Mission: Essays, speeches and ideas
Black Inc., $49.99 hb, 599 pp
The brief and unpretentious biography of Noel Pearson on the dust jacket of Mission: Essays, speeches and ideas describes him as ‘a lawyer, activist and founder of the Cape York Institute’. Although surely accurate, this gives little indication of the stature this remarkable man has assumed in Australian public life over the past thirty years. If Pearson is an activist, it is of an unusual kind: one who has combined the roles of insider and outsider, agitator and wonk, intellectual and politician, in highly original and productive ways.
Pearson is one of several Indigenous leaders who has argued that Aboriginal communities are drowning in passive welfare, a sea of grog, and an epidemic of violence. He is also the most influential of them, and Pearson’s critique is part of a wider argument that his people claimed and received ‘rights’ – to land, to equal pay, to vote, to drink – while failing to develop a culture of personal responsibility or economic participation. As these pages make clear, this analysis comes out of his own experience and observation, his understanding of history, and his engagement with the ideas of conservative African American intellectuals. Pearson is especially hostile to the left’s approach to Indigenous affairs. A conspicuous progressive altruism, he says, fails to conceal the left’s shoddy thinking, moral vanity, and self-interest. The ‘soft bigotry of low expectations’ he calls it, borrowing a phrase from a George W. Bush speech. Pearson is an unsparing critic.
Pearson presents his own position as ‘the radical centre’. Left and right, we are told, share ‘the common ground of mutual racism’. This is the familiar rhetorical technique of locating one’s own attitude as between two undesirable extremes. Pearson came to national prominence in the 1990s advocating ‘rights’ – specifically land rights – and would at that time have been considered by most observers to be Labor-leaning. As a young lawyer from Cape York, he was in the room with Paul Keating when an agreement was hammered out over native title legislation following the Mabo decision. It is obvious from many passages in these writings that Keating has been for Pearson the model of what a committed and inspiring leader should look like. Pearson is also a Whitlam man. His powerful eulogy at ‘this old man’s’ memorial service in 2014 was acclaimed; it captured not only Whitlam’s contribution to Aboriginal affairs but a reforming zeal and imagination that it would be ungenerous not to recognise in Pearson himself.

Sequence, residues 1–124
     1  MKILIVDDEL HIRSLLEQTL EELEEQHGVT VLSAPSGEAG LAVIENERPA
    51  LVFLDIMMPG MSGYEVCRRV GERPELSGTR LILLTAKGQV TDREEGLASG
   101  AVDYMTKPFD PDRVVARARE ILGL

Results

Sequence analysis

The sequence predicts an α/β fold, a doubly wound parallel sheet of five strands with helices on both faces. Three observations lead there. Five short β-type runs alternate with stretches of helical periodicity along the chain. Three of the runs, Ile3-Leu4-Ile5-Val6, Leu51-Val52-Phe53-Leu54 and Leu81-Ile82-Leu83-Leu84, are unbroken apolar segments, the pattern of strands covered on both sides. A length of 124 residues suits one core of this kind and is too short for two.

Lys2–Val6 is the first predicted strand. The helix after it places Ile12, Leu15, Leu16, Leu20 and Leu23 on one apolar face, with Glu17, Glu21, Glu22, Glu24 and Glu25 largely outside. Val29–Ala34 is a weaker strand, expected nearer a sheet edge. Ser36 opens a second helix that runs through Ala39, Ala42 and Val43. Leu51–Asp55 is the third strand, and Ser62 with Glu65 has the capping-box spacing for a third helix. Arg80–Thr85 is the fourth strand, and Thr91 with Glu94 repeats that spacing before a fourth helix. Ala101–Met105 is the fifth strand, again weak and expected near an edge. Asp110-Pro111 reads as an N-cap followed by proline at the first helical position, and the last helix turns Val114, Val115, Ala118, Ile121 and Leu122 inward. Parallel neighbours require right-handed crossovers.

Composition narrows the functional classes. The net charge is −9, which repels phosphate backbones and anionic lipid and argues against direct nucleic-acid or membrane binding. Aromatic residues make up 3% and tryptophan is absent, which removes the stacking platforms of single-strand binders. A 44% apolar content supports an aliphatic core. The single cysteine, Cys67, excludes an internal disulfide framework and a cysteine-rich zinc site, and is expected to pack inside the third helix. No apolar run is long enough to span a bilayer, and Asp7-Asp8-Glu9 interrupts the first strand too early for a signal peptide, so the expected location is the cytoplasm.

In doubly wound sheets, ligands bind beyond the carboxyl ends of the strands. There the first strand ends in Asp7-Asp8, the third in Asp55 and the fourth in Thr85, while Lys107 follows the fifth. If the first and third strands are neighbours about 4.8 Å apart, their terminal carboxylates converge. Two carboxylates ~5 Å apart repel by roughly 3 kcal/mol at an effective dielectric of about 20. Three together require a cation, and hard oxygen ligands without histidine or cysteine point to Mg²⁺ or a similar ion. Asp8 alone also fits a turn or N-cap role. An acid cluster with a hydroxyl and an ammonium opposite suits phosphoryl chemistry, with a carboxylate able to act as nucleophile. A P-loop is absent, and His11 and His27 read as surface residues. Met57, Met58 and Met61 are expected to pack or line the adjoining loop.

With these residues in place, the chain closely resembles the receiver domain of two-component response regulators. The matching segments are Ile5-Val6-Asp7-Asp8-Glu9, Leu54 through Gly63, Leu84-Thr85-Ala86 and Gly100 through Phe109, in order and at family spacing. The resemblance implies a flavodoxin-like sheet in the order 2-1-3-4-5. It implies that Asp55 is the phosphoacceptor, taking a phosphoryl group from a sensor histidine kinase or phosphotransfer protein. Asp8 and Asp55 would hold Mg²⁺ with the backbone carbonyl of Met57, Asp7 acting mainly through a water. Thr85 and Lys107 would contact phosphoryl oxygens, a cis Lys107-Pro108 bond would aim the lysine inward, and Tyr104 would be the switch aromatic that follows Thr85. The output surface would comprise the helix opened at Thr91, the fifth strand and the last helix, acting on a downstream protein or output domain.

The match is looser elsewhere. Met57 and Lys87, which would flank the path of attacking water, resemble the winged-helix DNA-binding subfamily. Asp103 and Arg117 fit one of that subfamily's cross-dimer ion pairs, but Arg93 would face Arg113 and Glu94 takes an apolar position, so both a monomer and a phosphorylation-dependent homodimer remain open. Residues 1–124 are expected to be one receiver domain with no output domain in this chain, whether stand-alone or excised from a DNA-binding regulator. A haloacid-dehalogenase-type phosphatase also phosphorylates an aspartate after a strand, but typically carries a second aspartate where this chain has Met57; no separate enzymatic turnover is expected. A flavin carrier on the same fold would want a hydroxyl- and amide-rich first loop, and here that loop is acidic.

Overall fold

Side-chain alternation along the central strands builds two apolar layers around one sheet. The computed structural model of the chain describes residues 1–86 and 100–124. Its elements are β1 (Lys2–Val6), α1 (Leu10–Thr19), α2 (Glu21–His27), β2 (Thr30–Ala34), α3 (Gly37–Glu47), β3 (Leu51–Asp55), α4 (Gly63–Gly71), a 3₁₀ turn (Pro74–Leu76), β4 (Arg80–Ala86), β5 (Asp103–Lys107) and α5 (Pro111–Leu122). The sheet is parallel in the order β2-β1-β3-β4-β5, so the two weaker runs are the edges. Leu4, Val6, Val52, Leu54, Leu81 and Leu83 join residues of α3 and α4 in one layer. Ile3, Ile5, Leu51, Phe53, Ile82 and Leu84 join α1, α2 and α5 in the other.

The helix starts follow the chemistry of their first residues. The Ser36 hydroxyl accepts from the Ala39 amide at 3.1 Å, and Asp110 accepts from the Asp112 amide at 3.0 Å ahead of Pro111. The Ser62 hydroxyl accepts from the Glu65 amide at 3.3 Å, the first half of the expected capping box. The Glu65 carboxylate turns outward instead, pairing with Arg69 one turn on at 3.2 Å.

Others have stressed how much Pearson’s outlook owes to his Lutheran upbringing at Hope Vale, a mission with a history stretching back to the 1880s. The writings and speeches presented here only confirm this view. So much of his politics looks like an effort to restore what he sees as best about that time and place: its order and security, and its decency and self-discipline, but not its entanglement in paternalism and deference. The intimacy of family life, and the ‘gentle friendship’ with his father, are suggested in a beautiful image of a young Pearson lying in his father’s arms on the bed as they read together. As a nineteen-year-old university student, on his visits home, Pearson ‘still napped next to my old father on a quiet Sunday’. ‘[L]ife’s purpose’, he learned from his father, ‘is to serve God and serve your fellow man.’
Pearson is often seen as having moved to the right over the years, but there is sufficient continuity across his writings to make us wary of simple judgements of this kind. The problem of the grog is there in the very first of his papers, co-written with a mentor from Hope Vale, Mervyn Gibson, back in 1987. Also, central to his outlook is the rejection of a victim mentality, alongside a seemingly hardening resistance to policy and identity based on the discredited concept of race.